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Tags: persecution | christians | catholics

Survey Shows US Catholics' Growing Concern About Global Persecution of Christians

the pope and prime minister seated at an ornate table with flags behind them
Iraq's Prime Minister Mustafa al-Kadhemi, right, and Pope Francis during the Pope's recent visit to comfort one of the world's oldest and most persecuted Christian communities. (Photo by Ayman HENNA / AFP) (AFP via Getty Images)

George J. Marlin By Thursday, 01 April 2021 11:24 AM EDT Current | Bio | Archive

In early March, Pope Francis delivered a message of hope and encouragement to Iraq's Christian community.

He reminded the world that the ancient Iraqi Christian community has been decimated in the past two decades. The Christian population dropped from 1.3 million on the eve of the Iraq War to an estimated 250,000 faithful today.

With the rise of ISIS, the Middle East has been a dramatic, high-profile example of Christian persecution, which affects almost 340 million Christians around the world. One out of every eight faithful live in a country where they suffer some form of persecution, such as arbitrary arrest, violence, a full range of human rights violations and even murder.

Now a new survey shows American Catholics expressing growing concern about a situation that is worsening year after year. Fifty-seven percent of U.S. Catholics believe that the persecution of Christians around the world is "very severe," up from 41% a year ago; and 67% say they are "very concerned" about the issue.

Almost 50% of U.S. Catholics believe that half or more of religiously based attacks around the world are directed at Christians; they identify China as the country where Christians are most severely persecuted, followed by North Korea and Pakistan.

The fourth annual nationwide poll examining the views of U.S. Catholics on the global persecution of Christians was conducted in late February 2021 by McLaughlin & Associates on behalf of the organization I chair, Aid to the Church in Need-USA (ACNUSA). The survey aimed to measure:

  • The extent to which American Catholics are aware of Christian persecution around the world.
  • The countries and regions where they consider Christians most severely persecuted.
  • Specific measures and policies they want the U.S. and other Western governments to pursue.
  • The extent to which they feel that the Pope, their bishops, and their parishes are making the issue of Christian persecution a priority.
  • Actions they believe they can and should take themselves.

Despite the growing concern of U.S. Catholics about Christian persecution around the world, the majority are not well informed about certain horrific instances of persecution, such as in Pakistan, in 2020, where 1,000 primarily Christian underage girls were abducted and faced forced conversion to Islam; in China, where Mass-goers are subject to digital surveillance; in Nigeria, where nearly 3,500 Christians were killed for their faith in 2020, and in North Korea, where being a Christian can carry the death penalty.

Although the research shows that 67% are "very concerned" about the persecution of Christians — up from 52% a year ago — American Catholics worry more about human trafficking and poverty as global issues. That has been the case for four years in a row and it is significant.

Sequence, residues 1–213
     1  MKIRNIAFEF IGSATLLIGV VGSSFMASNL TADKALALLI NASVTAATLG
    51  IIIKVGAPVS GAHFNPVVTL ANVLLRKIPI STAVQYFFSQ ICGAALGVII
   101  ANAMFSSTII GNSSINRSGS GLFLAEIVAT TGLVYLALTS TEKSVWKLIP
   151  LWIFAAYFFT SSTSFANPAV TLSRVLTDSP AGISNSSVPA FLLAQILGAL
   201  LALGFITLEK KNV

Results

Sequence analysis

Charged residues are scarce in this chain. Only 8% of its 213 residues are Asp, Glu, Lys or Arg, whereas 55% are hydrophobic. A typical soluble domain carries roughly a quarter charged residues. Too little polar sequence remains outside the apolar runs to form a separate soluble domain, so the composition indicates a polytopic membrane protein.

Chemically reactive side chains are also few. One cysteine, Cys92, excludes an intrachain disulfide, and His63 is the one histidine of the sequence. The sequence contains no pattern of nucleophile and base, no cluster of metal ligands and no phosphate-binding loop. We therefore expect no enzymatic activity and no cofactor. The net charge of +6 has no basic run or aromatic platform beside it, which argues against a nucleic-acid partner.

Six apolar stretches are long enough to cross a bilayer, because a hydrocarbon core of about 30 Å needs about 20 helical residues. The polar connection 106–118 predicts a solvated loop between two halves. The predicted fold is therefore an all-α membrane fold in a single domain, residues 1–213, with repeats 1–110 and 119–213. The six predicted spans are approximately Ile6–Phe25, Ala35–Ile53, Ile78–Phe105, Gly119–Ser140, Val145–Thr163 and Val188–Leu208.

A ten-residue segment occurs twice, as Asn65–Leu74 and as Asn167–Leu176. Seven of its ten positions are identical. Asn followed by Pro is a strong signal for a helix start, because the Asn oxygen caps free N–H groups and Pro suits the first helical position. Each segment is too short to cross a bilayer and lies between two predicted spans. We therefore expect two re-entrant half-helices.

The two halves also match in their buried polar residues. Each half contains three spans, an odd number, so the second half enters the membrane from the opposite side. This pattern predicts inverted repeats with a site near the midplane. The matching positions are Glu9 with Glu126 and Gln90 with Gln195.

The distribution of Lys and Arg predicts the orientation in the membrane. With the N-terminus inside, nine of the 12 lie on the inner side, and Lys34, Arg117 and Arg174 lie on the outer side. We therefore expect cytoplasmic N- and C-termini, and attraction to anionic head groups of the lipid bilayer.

American Catholics do look at their Church for leadership. The survey reveals that 52% of U.S. Catholics believe that Pope Francis is "very engaged" on the issue of the persecution of Christians — up from 47% a year ago; 30% think their local bishop is "very engaged" and 28% believe their parish is highly involved with the issue.

It is heartening that, compared to a year ago, significantly more U.S. Catholics think that Christian persecution around the world is very grave and that the issue has become a matter of concern to more faithful. They also want both their Church and their government to step up efforts to do more to combat the issue. However, the poll does show the great need to better inform the public regarding specific instances of Christian persecution; the U.S. bishops and organizations like our own must step up our educational and informational efforts.

It is my hope that awareness of Christian suffering will prompt leaders around the world to embrace and promote the fundamental human right of religious freedom, building societies that respect and protect ethnic, cultural and, especially religious diversity.

On his first day in Iraq, March 5th, the Pope called on Iraqi society to engage in a peace-building dialogue to protect human rights, including religious freedom for the country's embattled Christians. His words could have been spoken in any of the almost 150 countries where Christian freedoms are regularly trampled upon and where faithful face severe persecution: "It is essential to ensure the participation of all political, social and religious groups and to guarantee the fundamental rights of all citizens. May no one be considered a second-class citizen."

Survey findings can be accessed here:

George J. Marlin, a former executive director of the Port Authority of New York and New Jersey, is the author of "The American Catholic Voter: Two Hundred Years of Political Impact," and "Christian Persecutions in the Middle East: A 21st Century Tragedy." He is chairman of Aid to the Church in Need-USA. Mr. Marlin also writes for TheCatholicThing.org and the Long Island Business News. Read George J. Marlin's Reports — More Here.

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Fifty-seven percent of U.S. Catholics believe that the persecution of Christians around the world is "very severe," up from 41% a year ago; and 67% say they are "very concerned" about the issue.
persecution, christians, catholics
Thursday, 01 April 2021 11:24 AM
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